701 officer  was  called in defence in the suit.   All  that  he could say., was that he had received complaints against  the respondent but he did not remember whether they were oral or in writing.  The High Court justifiably commented that there was no sufficient reason for the enquiry officer refusing to summon  Chunilal Malhotra.  On an overall  consideration  of the facts the High Court took the view that               "The approach of the enquiry officer was  such               that  whatever  be  the  testimony  of   other               witnesses, it could not undo the effect of the               reports  -made by the superior officers  about               the plaintiff." In  other  words the enquiry officer shut his  mind  to  the testimony, afforded by a large number of witnesses including a Deputy commissioner, Under Secretary, two  Superintendents of Police, a few Magistrates and some Deputy Superintendents of  Police  who had given evidence  about  the  respondent’s reputation and work.       Further the High Court took the view that the  remarks of  the  Deputy  inspector General  of  Police  against  the respondent  in  the year 1948 that he was  not  worth  being retained  in service had influenced the entire  approach  of the  enquiry  officer who was a subordinate  to  the  Deputy Inspector General of Police.  The.  Deputy Superintendent of Police  Lekhraj examined at the hearing of the suit  by  the respondent   and  to  whom  another  enquiry   against   the respondent  had been entrusted earlier by Bishambar has  the inquiry  officer,  told  the court that  when  he  (Lekhraj) exonerated  the respondent in the other  enquiry,  Bishambar Das  had  sent  for  him  and  told  him  that  the   higher authorities  wanted to take serious action to the extent  of dismissal of the respondent.       In  our  view the High Court arrived  at  the  correct conclusion and on the facts of this case it is impossible to hold   that  the  respondent  had  been   given   reasonable opportunity  of  conducting his defence before  the  enquiry officer.   From what we have stated it is clear that if  the enquiry  officer had summoned at least those  witnesses  who Were  available and who could have thrown some light on  the reports  made against the respondent the report  might  well have been different.  We cannot also lose sight of the  fact that charge based on the reports for the years 1941 and 1942 should not have been levelled against the respondent.        Learned-counsel  for  the  appellant  relied  on  two decisions  of  the  Orissa  High Court  in  support  of  his contention that it was not necessary to examine the  authors of  the  confidential reports against I the  respondent.  in sadananda  Mohapatra  v. State(’) the court  considered  the question as to whether reasonable Opportunity had (1) A.I.R. 1967 Orissa 49. 702 in  fact been given to the petitioner before  the  punishing authority  ,had  made  use of the  adverse  remarks  in  the confidential  character -roll.  According to the High  Court the  petitioner in his examination to the second show  cause notice  had  referred  to  the good  services  that  he  had rendered  to the department.  The High Court ,observed  that the  fact  that the petitioner had done good  work  led  the punishing  authority to impose a lesser punishment and  thus the  confidential roll had helped the petitioner.   It  also appears  from the judgment that the punishing  authority  in that  case  had ,during the personal hearing  discussed  the confidential  character with the petitioner and  accordingly the  High Court was of opinion that even though the  adverse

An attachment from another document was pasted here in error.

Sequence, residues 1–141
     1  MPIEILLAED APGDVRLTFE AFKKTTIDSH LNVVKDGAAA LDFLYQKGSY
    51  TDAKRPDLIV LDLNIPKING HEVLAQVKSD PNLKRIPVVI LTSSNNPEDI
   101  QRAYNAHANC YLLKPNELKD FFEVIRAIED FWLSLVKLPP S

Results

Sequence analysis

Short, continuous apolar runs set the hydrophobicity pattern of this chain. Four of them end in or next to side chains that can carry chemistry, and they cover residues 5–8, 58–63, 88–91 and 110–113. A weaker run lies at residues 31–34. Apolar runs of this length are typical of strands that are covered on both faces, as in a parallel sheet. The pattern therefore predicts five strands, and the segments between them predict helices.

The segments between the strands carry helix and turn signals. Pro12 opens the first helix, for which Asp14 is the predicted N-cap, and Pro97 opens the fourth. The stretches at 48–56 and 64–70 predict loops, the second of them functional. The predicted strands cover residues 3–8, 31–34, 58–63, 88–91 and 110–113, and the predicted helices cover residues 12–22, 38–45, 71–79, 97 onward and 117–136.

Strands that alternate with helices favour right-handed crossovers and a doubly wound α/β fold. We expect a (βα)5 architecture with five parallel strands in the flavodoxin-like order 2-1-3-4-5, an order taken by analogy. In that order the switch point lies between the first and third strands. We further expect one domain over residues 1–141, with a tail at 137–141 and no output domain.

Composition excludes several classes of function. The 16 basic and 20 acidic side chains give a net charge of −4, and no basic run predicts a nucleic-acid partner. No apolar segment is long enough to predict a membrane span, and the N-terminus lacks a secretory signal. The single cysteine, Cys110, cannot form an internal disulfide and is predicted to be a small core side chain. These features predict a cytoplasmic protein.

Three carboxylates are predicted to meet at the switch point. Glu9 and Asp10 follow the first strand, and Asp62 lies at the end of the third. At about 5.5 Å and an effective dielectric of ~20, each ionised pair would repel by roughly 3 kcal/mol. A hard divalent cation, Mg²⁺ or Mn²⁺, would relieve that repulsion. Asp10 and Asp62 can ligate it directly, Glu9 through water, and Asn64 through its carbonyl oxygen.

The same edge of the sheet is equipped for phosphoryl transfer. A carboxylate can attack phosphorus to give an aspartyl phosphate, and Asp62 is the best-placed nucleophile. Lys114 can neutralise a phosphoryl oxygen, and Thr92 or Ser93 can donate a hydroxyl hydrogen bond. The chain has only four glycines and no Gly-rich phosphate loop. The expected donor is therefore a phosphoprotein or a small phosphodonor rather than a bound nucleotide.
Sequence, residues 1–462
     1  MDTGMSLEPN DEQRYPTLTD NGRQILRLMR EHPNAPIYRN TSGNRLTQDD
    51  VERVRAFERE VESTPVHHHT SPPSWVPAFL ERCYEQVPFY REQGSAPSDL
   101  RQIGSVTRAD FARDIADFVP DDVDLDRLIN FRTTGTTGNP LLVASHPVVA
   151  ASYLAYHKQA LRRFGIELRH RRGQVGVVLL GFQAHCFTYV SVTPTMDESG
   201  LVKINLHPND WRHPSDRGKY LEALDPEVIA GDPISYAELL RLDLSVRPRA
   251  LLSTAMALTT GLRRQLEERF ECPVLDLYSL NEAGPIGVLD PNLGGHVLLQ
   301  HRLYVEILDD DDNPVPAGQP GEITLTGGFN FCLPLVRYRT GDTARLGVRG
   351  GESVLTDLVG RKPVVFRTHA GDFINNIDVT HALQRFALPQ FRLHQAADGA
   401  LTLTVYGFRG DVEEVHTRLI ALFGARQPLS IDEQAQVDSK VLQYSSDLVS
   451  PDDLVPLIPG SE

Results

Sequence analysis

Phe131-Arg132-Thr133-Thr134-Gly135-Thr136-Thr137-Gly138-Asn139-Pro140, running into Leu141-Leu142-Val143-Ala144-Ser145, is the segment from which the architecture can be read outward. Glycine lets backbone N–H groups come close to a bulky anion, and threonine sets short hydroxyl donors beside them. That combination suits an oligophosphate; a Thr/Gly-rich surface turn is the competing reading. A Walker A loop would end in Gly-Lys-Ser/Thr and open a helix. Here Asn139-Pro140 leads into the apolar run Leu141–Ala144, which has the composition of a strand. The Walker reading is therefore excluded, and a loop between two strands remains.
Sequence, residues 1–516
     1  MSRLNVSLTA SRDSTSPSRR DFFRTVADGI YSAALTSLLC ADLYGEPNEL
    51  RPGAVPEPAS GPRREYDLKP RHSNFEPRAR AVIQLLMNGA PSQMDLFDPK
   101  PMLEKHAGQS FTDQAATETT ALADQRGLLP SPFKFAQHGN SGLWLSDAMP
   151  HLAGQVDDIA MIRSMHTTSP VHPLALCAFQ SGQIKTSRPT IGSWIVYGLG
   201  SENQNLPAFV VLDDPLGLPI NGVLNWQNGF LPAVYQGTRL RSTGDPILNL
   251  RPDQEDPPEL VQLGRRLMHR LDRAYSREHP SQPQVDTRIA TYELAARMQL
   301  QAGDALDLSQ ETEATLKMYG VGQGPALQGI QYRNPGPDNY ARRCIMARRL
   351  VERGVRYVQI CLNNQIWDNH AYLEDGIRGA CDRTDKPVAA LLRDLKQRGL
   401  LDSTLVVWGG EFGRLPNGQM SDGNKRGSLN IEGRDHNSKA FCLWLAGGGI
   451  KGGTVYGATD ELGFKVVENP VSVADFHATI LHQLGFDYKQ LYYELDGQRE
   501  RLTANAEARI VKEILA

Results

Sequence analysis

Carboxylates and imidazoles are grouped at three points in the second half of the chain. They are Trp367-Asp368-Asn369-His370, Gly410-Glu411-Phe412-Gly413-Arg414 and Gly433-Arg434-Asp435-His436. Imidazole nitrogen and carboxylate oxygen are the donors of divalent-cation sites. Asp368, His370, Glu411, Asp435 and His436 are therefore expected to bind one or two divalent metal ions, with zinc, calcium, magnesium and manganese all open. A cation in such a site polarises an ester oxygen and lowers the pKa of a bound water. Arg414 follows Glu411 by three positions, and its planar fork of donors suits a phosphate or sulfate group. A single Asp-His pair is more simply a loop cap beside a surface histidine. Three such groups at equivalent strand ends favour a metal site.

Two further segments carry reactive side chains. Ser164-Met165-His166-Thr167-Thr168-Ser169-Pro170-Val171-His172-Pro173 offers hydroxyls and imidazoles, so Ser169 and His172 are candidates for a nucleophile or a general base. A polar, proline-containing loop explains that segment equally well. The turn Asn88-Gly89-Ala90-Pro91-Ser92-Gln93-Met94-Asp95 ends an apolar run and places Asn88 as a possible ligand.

remarks in the petitioner’s confidential character roll were not  included in the second show cause -notice  inasmuch  as the same had been discussed at the personal hearing it could not  be said that no reasonable opportunity had ’been  given to the petitioner,      In  our  view  the  facts in  this  case  are  entirely different.   The respondent before us wanted an  opportunity by examining the witnesses mentioned by him to explain  away the  circumstances  .which  had led  to  the  making-of  the adverse remarks and he was ,given no such chance.      The  second authority relied on for the  appellant  was State  of Orissa v. Sailabehari(1).  In this case the  entry in  the  diary of a Deputy Collector went to show  that  the Special  Assistant  Agent, -’i.e., the  respondent,  had  no reputation for honesty.  The diary -mentioned the source  of information  on  which the remarks were based  and  although none   of  the  informants  figured  as  witnesses  in   the departmental  enquiry the touring officer was examined as  a witness  and  his tour diary proved at the inquiry  and  the respondent  had been given an opportunity  to  cross-examine him.   ’On  those  facts  the High  Court  of  Orissa  after discussing  this  -position,  took the  view  that  although insufficient for the establishment of a criminal charge  the position was different in the case of departmental enquiries where   punishment  could  be  based  -merely   on   general reputation for corrupt conduct.      In our view there was no flaw in the enquiry which  the Orissa  High Court was called upon to examine in  that  case and  the  -above  dictum of the High Court  was  not  really called for.      Learned  counsel also wanted to rely on a  decision  of this  Court in State of Jammu and Kashmir v.  Bakshi  Ghulam Mohammed   (2)  where  the  Court  was  dealing   with   the proceedings ,of a Commission of Inquiry under the Commission of Inquiry Act. (1) A.I.R. 1963 Orissa 73. (2) [1966] Supp.  S.C.R. 401. 703 Section  10  of that Act gave the delinquent a right  to  be heard-but  only  a restricted  right  of  cross-examination, i.e., it was confined only to the witnesses called to depose against  the  person demanding the right.   It  was  further observed  that  as "the Act did not contemplate a  right  of hearing  to include a right to cross-examine" "it  -will  be natural  to  think that the statute did not intend  that  in other-  cases a party appearing before he Commission  should have any further right of cross-examination".  On the  facts before it the Court came to the conclusion that no case  had been  made by Bakshi Ghulam Mohammad that rules  of  natural justice  required  that  he should have a  right  to  cross- examine all the persons who had sworn affidavits  supporting the allegations made against him.       In  our  opinion the above observation  regarding  the limit  of  the right to cross-examine dissociated  from  the context  in  which it was made cannot  help  the  appellant. Although the case is governed by Art. 311 as it stood  prior to  its  amendment  in  1963 the  respondent  could  not  be deprived  of  an  effective  right  to  make  representation against the action of dismissal.  In our opinion, refusal of the right to examine witnesses who had made general  remarks against his character and were available for examination  at the  inquiry amounted to denial of a reasonable  opportunity of showing cause against the action.      In  the result we hold that the High Court came to  the correct  conclusion and the appeal should be dismissed  with



costs. G.C.                           Appeal dismissed. 704